Published On: Tue, Jan 15th, 2019

10 Terms That Must Never Be Excluded on Your Lease Agreement

As a landlord, there are a couple of things that you must include in your lease or rental agreement. There is no shortcut to it. This is the one issue that you must prepare yourself to face as a landlord and do so with extreme caution. Lease Agreements are put in place to set rules that landlords and tenants must agree to follow to begin their rental relationships. Without these rules, the business of leasing homes and apartments could have already died. Think of a lease agreement like a government or covenant between the landlord and his/her tenants. A set of rules that, if breached by any party, subjects the person liable has to suffer the consequences. A lease is a legal contract between the landlord and tenants. And an immensely practical document that’s full of crucial business details.

It’s as simple as going to jail for breaking the law. Only that in this case, in the case of the tenant, you are more likely to be evicted. However, if the landlord is the culprit, then you can include the law to back you up.

Photo/Nodar Kherkheulidze via wikimedia commons

Here are some crucial terms that you must never exclude from your Lease Agreements


  • Terms of the tenancy


As mentioned earlier, a lease is a set of rules and terms that both landlords and tenants must abide by to coexist peacefully. In this document, it is also essential that you state whether it is a fixed-term lease or a rental agreement. Rental agreements run from month-to-month and are self-renewed unless either the landlord or the tenant terminates it. Leases, however, typically last a year.

Therefore, your choice in such a situation depends on the period you want your tenants to stay. The terms of your Lease Agreements can also determine how flexible the contract can be.


  • Limits on occupancy


You must also have, in the Lease Agreement, clear and specific terms stating that the rental units are only meant for tenants who have signed the agreement. As the landlord, this helps to guarantee your right to determine who gets to live in your property. The importance of this term is to have only the people you’ve screened and approved living on your leased premises. Also, it helps you limit the total number of occupants in the rental units.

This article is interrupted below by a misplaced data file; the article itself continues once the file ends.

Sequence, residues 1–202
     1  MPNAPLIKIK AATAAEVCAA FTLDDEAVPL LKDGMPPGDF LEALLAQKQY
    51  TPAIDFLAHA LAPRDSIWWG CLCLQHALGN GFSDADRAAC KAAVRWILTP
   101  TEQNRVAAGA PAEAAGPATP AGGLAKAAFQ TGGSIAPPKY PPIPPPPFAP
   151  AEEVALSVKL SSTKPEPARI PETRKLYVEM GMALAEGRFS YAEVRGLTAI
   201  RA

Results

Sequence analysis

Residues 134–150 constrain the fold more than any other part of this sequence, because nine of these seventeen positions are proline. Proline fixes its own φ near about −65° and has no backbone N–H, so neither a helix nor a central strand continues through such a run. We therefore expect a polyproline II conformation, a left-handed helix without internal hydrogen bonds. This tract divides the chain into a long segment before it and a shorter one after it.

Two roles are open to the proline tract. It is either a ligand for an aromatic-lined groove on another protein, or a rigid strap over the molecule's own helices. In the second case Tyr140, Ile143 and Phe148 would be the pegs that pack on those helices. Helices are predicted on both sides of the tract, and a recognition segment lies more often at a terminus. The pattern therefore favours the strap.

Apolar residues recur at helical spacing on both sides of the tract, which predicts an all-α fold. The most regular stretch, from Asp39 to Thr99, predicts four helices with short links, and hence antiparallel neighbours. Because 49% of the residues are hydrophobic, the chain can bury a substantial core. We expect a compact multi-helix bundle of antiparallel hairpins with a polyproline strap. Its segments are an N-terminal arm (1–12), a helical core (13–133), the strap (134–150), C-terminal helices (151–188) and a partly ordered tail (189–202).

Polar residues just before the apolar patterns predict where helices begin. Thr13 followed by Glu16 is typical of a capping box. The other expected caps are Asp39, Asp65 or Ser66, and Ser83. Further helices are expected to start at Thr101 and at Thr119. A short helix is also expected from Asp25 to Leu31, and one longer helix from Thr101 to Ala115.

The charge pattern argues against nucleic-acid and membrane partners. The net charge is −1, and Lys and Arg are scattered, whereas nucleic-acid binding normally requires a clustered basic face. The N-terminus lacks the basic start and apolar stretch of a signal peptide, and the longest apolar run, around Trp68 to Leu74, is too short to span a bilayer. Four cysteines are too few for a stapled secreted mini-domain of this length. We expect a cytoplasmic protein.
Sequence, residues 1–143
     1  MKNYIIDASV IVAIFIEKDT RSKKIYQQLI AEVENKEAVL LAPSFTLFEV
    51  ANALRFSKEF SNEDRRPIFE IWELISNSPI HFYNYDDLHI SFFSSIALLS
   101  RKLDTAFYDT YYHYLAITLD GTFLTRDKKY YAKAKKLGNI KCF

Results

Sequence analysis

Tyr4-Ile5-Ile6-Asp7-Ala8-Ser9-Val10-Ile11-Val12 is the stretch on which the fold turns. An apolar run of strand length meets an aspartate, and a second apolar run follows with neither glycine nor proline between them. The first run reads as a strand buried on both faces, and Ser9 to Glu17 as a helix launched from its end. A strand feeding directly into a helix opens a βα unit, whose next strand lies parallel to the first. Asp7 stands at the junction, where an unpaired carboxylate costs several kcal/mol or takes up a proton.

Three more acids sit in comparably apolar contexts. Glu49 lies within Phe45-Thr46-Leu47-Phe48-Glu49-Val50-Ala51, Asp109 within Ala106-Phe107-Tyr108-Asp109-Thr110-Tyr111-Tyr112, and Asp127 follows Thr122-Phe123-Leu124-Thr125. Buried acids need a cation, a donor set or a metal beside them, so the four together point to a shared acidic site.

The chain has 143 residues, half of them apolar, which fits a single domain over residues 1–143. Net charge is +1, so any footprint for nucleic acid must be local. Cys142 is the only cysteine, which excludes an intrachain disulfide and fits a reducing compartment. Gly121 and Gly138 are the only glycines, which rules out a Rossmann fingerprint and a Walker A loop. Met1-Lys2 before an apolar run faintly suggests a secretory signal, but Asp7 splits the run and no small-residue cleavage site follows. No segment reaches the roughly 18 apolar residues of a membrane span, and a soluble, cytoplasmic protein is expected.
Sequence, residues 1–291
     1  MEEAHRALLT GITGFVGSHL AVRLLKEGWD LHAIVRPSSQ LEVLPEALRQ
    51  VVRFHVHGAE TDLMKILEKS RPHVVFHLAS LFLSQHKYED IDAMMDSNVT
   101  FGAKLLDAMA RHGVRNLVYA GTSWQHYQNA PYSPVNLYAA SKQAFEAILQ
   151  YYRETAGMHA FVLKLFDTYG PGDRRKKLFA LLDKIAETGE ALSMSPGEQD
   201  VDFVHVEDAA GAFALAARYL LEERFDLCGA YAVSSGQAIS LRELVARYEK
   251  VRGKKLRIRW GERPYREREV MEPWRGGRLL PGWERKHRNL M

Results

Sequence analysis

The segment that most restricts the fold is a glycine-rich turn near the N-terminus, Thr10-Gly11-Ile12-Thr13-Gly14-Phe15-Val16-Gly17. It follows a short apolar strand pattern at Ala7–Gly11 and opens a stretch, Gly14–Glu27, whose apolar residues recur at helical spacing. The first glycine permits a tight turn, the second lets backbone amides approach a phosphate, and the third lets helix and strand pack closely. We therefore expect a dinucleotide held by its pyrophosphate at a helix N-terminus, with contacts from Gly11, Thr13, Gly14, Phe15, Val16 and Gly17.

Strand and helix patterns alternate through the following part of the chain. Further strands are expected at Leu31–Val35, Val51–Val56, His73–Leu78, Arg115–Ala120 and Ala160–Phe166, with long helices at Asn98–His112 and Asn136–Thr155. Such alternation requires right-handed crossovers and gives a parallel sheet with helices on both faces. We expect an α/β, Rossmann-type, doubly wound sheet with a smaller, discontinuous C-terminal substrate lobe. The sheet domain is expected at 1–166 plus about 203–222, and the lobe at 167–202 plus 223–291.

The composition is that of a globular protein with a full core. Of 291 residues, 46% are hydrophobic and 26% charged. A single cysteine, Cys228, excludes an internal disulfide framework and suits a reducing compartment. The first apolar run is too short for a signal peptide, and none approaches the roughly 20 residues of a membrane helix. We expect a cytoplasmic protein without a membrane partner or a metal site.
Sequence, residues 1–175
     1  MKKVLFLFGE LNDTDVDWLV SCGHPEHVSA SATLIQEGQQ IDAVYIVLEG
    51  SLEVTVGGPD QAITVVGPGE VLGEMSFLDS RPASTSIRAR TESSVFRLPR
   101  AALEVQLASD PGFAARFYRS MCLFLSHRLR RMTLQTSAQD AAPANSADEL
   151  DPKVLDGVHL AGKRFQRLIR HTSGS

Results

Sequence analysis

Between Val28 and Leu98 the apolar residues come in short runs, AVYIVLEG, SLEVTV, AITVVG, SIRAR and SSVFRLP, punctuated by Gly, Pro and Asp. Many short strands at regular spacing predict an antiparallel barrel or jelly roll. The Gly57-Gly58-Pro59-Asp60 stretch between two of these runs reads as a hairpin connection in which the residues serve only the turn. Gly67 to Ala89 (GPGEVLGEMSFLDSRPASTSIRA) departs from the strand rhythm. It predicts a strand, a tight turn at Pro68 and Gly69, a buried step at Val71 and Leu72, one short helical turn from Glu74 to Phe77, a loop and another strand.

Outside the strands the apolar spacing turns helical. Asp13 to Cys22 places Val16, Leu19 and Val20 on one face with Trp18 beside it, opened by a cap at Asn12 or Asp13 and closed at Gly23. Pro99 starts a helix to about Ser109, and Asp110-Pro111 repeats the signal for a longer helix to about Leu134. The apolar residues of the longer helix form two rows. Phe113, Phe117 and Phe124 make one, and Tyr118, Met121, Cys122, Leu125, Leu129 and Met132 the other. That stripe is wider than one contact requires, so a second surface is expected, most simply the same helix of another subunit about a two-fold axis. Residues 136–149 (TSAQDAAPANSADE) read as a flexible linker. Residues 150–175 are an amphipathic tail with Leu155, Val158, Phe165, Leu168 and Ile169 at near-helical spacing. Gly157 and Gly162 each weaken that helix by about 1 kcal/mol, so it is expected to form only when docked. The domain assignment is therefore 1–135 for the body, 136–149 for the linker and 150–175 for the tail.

• Names of all tenants


It is also essential that you have the names of every adult who resides in your rental units at all times. Have every adult, whether married or unmarried, living in your premises sign the lease. Doing this makes every occupant of the rental unit responsible for all the terms set in the lease. Including paying the full rental amount and proper use of the rental unit. To mean that if one tenant isn’t unable to pay rent, you can seek for it from the other occupants whose names are on the lease as well.


  • Rent


You must also specify in your lease or rental agreement the total amount of rent and when it is due. Here, you must also include how you expect the tenants to pay the rent. This is vital to avoid any confusions and head off disputes that might arise between you and the tenants. Therefore, you must spell out the rent details as clearly as possible.

  • Include the acceptable payment methods
  • Ant charges should the rent be late or if a rent check bounces.
  • The amount of fees charged for late payment
  • Whether there is any grace period


  • Repairs and maintenance